The original idea was floated by David Shearer in 2014. It was named Kiwibuild. The Labour Party imagined itself as the champion of young families; providing them all with homes, as they had done in the 1960s. This time, though, it would be even better, as these houses would be owner occupied. What a daring scheme! What heroes they would all be.

In 2014, they campaigned hard on Kiwibuild. Phil Twyford, foreshadowing the cry of ‘Nine Years of Neglect’, promised he would solve the problems for all those young families ‘locked out’ of the housing market. The champions of the downtrodden: Twyford, and his Labour mates, would provide affordable houses for the masses. Everyone who had ever dreamed of owning their own home would have that dream fulfilled.

Cartoon credit: Tremain

In what we now know to be typical histrionics with no research, Labour took their plan into government, obviously thinking it was all going to be easy. Not once had they stopped to wonder why houses had become so expensive in the first place. They had not considered the questions of building regulations, resource consents, land zoning, building costs, supply of land, the availability of construction workers… which is where they should have started. They should have begun with overhauling the various acts and regulations that slow down the building process so drastically. But no. They thought they would be able to knock up 10,000 houses a year with no real effort. Produce a report, perhaps a working group or two and all would be well.

The KiwiBuild “reset” won’t satisfy New Zealanders desperate to see housing made affordable. The changes announced today are an attempt to lower the public’s expectations, and voters should insist on something better.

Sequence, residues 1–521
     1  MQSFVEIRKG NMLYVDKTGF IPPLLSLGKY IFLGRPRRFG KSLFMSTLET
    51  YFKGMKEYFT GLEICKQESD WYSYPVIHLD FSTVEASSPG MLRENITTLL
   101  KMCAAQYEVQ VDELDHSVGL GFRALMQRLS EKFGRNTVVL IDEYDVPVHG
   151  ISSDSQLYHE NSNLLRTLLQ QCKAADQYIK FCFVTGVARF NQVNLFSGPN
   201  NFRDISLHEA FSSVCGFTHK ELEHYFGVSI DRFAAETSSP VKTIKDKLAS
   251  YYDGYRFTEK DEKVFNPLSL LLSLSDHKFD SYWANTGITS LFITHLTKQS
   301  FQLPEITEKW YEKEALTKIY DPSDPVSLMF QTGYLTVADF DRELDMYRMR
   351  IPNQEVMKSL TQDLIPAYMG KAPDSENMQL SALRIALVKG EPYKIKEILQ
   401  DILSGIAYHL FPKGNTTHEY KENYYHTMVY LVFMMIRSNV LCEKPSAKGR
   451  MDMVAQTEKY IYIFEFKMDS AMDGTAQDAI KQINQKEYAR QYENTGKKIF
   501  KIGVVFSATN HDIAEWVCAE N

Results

Many voters will be feeling “ripped off” after today’s KiwiBuild reset.

It turns out it was more about resetting public expectations than getting the government’s housing affordability project “back on track” and actually delivering.

The problem is, fixing the housing affordability was one of the promises that got this Labour-led government elected.

They weren’t elected, but that is hardly the point. They arrived in government and continued to promise affordable houses for the masses… a promise that they had no idea they were never going to be able to deliver.

Labour, in particular, won votes on their specific promise to build 100,000 affordable homes.

It’s now officially a broken promise.
Housing Minister Megan Woods announced today that the promised 100,000 house figure will be scrapped, and no new target will replace it.
It’s the kind of cynical “solution” that leads voters to lose faith in politics and have a low opinion of politicians.


In abandoning the promise of 100,000 affordable houses, it seems the minister wants us to believe that it was the existence of this target that was the problem, not the government’s failure to deliver. So, she has gone with the option of cancelling the target rather than redoubling efforts to meet it.

I think people would have forgiven the government if, instead of building 10,000 houses a year, they built 8,000. The fact that they have built about 200 in 2 years shows that they never had a hope in hell of meeting people’s expectations… expectations that were created by this overreaching government in the first place.